Symmetry may be very familiar and intuitive to us, but how can we talk about symmetry mathematically? We know that triangles and spheres both possess kinds of symmetry, but how are they related? The mathematics of symmetry can be described by "Group Theory".
To anyone who doesn't use abstract mathematics on a daily basis, the concept of an imaginary number sounds absurd. We can't use them to count things, as we can with natural numbers.
To anyone who is confused about what it is exactly that theoretical physicists do, here is a brief yet broad summary of what we're trying to achieve.
Infinity is still an extremely mysterious concept that we're unable to properly grasp, yet mathematicians have penetrated deeper into the world of infinity than ever before, and there is a wealth of new discoveries. The interesting question is whether these infinities have any relevance to the real physical world.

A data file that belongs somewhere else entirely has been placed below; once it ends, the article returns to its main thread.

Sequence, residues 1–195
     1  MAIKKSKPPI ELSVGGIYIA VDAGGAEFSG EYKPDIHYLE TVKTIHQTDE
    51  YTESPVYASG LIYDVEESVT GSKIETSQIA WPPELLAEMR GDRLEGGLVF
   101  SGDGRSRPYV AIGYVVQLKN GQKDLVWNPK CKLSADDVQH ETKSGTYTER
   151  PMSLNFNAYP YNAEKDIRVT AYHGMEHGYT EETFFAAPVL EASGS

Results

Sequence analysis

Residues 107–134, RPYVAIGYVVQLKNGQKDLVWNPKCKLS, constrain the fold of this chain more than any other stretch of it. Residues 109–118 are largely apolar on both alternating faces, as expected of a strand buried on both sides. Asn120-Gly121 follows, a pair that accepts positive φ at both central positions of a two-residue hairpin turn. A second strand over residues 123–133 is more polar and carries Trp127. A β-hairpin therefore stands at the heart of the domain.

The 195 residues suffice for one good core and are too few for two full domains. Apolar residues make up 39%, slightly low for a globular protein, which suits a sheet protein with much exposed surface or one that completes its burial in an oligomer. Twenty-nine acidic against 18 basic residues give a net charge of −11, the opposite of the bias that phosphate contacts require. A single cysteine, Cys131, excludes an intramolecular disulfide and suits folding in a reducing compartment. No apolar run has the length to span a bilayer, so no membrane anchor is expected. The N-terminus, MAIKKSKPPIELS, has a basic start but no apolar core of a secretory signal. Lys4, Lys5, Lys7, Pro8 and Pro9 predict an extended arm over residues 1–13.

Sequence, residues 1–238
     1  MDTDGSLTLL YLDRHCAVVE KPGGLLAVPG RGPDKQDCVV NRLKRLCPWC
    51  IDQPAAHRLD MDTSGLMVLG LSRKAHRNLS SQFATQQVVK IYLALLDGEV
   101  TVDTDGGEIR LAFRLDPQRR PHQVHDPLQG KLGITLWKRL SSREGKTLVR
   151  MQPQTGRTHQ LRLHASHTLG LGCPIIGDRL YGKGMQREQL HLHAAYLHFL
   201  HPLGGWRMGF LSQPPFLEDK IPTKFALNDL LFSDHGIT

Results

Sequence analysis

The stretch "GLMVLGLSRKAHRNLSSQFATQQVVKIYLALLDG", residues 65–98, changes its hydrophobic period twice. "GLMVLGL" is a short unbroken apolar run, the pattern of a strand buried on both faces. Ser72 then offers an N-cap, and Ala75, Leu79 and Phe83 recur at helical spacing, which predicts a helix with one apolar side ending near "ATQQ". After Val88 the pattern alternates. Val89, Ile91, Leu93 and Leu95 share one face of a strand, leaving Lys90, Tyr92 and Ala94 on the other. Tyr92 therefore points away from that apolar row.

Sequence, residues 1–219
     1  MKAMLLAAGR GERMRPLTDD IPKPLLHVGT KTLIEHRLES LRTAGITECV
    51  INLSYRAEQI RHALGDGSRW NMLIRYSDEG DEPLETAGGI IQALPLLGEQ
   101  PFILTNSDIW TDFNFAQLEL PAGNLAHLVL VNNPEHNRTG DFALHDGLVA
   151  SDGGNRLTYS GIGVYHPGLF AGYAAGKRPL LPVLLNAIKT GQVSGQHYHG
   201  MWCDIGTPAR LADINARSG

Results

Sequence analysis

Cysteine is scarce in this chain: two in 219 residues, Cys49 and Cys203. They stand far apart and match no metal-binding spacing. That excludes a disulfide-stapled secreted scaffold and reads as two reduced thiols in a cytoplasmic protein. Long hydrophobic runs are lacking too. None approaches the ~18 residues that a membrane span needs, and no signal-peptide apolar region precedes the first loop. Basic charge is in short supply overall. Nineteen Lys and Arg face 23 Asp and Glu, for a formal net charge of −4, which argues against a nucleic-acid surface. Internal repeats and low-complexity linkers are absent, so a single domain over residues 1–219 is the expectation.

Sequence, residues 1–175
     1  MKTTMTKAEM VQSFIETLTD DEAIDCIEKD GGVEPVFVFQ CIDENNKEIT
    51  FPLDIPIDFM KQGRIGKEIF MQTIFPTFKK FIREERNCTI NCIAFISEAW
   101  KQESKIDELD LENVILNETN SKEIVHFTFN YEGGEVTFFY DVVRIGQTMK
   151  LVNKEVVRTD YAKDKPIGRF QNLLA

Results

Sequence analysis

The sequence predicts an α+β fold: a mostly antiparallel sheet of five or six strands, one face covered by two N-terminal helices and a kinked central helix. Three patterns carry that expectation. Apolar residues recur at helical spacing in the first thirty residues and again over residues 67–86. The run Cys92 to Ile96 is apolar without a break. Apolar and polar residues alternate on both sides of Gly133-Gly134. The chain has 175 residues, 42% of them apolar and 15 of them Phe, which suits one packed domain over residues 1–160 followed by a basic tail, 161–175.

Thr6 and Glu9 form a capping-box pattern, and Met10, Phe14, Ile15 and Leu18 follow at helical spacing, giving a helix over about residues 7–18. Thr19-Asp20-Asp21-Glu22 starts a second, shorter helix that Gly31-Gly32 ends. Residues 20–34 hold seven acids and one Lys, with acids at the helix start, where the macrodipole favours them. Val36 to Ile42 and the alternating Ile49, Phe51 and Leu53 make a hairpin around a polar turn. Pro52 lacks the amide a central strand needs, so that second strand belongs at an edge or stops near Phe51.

A new feature! Each week I'll post an image related to something from Physics, Philosophy or Mathematics and say a little bit about it and it's significance.
One of the most puzzling mysteries of modern day Physics is why mathematics is such a useful tool for uncovering the workings of the universe. Although mathematics has always been the only acceptable language in which to phrase serious physics, letting mathematics guide the direction of physics is a late 20th/21st century revolution in scientific thinking.